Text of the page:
Bedfordshire grower Matt Broadhurst turned to soya beans to help control blackgrass and improve his soils, and is looking forward to a good harvest later this month.
He is hoping the low-input crop will outperform his spring beans financially and help him slice nearly a third off his nitrogen fertiliser bill for a following winter wheat seed crop.
The late-spring drilled soya crop gives him plenty of time to control troublesome blackgrass, and its nitrogen-fixing properties and soil improvement qualities are added benefits.
“It’s a spring break crop so it helps us control blackgrass and also improves our soil nutrient status so this year we are growing 88 hectares,” he tells Farmers Weekly.
Mr Broadhurst is hoping for a benchmark yield of 2.5t/ha to give a gross margin of £650/ha in this, his second year of growing the crop, after he was not put off by his drought-hit harvest in 2018.
RA Gibson (Colesden) Ltd, Bell Farm, Colesden, Bedford
- 700ha of arable land
- Growing winter wheat, soya beans and spring beans
- Some land rented out for potatoes.
Last year’s soya was followed by a wheat seed crop yielding a good 9.5t/ha on his medium to heavy clay loams, and tissue testing on the wheat enabled him to cut nitrogen back to 165kg/ha from a farm standard of 225kg/ha.
The decision to go for soya beans was part of a search for a spring break crop to control blackgrass at Bell Farm, Colesden, six miles north-east of Bedford, where he is farm manager. Oilseed rape growing has been abandoned after severe cabbage stem flea beetle damage.
The first year he grew 40ha of soya beans but yields were only half what he had hoped for at 1.25t/ha, although it still outperformed his spring beans.
The plan was to try out soya beans for five years, using a cover crop of forage rye and vetch after the preceding wheat crop and before the soya beans. A neighbouring farmer used his store lambs to graze off the cover crop over winter.
The ground is sprayed off with glyphosate once the sheep have departed in the spring, and the land is cultivated with a disc-press combination and drilled in early May at a seed rate of 150kg/ha with the variety Siverka.
Weed control this season was with pre-emergence pendimethalin (Stomp) and post-emergence with a thifensulfuron-methyl/bentazone (Pinnacle/Basagran) mix. The fungicide azoxystrobin is used to protect against sclerotinia and three foliar feeds add vital crop nutrition.
Mr Broadhurst emphasises that soya beans are a low-input crop, and they cost him about £350/ha in variable input costs to grow.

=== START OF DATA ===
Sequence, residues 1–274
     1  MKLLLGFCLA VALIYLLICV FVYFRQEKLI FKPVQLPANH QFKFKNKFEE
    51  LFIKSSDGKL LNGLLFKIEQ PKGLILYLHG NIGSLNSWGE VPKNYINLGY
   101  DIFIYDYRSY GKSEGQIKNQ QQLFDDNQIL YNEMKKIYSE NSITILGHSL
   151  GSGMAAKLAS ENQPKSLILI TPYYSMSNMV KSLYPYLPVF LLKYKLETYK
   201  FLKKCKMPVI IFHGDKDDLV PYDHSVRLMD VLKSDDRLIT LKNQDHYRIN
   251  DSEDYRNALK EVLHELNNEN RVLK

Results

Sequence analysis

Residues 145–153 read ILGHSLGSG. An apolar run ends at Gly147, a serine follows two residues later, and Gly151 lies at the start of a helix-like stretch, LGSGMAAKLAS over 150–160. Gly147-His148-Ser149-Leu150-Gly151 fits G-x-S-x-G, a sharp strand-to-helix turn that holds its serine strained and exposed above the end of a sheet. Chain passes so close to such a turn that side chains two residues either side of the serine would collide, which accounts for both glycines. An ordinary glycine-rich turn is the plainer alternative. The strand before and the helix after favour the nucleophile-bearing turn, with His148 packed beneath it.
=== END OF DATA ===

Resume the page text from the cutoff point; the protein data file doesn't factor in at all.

The crop is set to be harvested on about 26 September and desiccation is planned using contact herbicides such as pyraflufen-ethyl (Gozai) and carfentrazone-ethyl (Spotlight Plus), as weed control is vital for the following wheat seed crop.
Soya beans could gain from a hard Brexit
Soya bean growers are likely to benefit from a hard Brexit as other crops could suffer while tariffs may limit French soya bean imports if Britain leaves the EU without a trade deal.
There are currently no tariffs on the 30m tonnes of soya beans imported annually into the EU, and tariffs are seen as unlikely after Brexit on the 3m tonnes that comes into Britain, largely from North and South America.
But in a hard no-deal Brexit, tariffs could be applied to UK wheat exports to Europe and so prices could fall, making soya bean prices and growing the crop more attractive.
Currently, any-origin soya beans from North and South America trade at £330/t while non-genetically modified (GM) beans trade at £375/t. These non-GM soya beans can be grown in Britain or imported from Canada or France.
So the small British non-GM crop could be protected if tariffs are imposed on French imports, says David McNaughton, director of seed supplier Soya UK, which offers buy-back contracts for the crop.
“The harder the Brexit, the better for soya bean growing in the UK,” he says.
The soya bean area slipped this year as many farmers, encouraged by high wheat and barley prices, drilled a big winter wheat crop in the autumn of 2018 and a spring barley crop in early 2019, and all break crop areas including peas, beans linseed and soya beans suffered.
The soya bean area had been expected to stay steady in 2019 at the 2018 level of 3,200ha, but fell to about 2,200ha, although next spring Mr McNaughton expects the area to be well over 4,000ha.
He argues that the soya bean crop has the advantages that it can be drilled late – no earlier than the last week of April – while there is growing list of pre-emergence and post-emergence herbicides to use on the crop.
“It is the best combinable crop to control blackgrass,” he adds
The Ukrainian variety Siverka, which is the main soya bean variety grown in Britain, is a good improvement on older varieties as it has a thick stem for good standing, three or four pods per node, and generally the pods set higher up the stem to allow easier harvesting, Mr McNaughton adds.
The UK crop is used in food ingredients such as flour improvers and soya milk, and also in small batches of specialist animal feed.
Target soya bean gross margin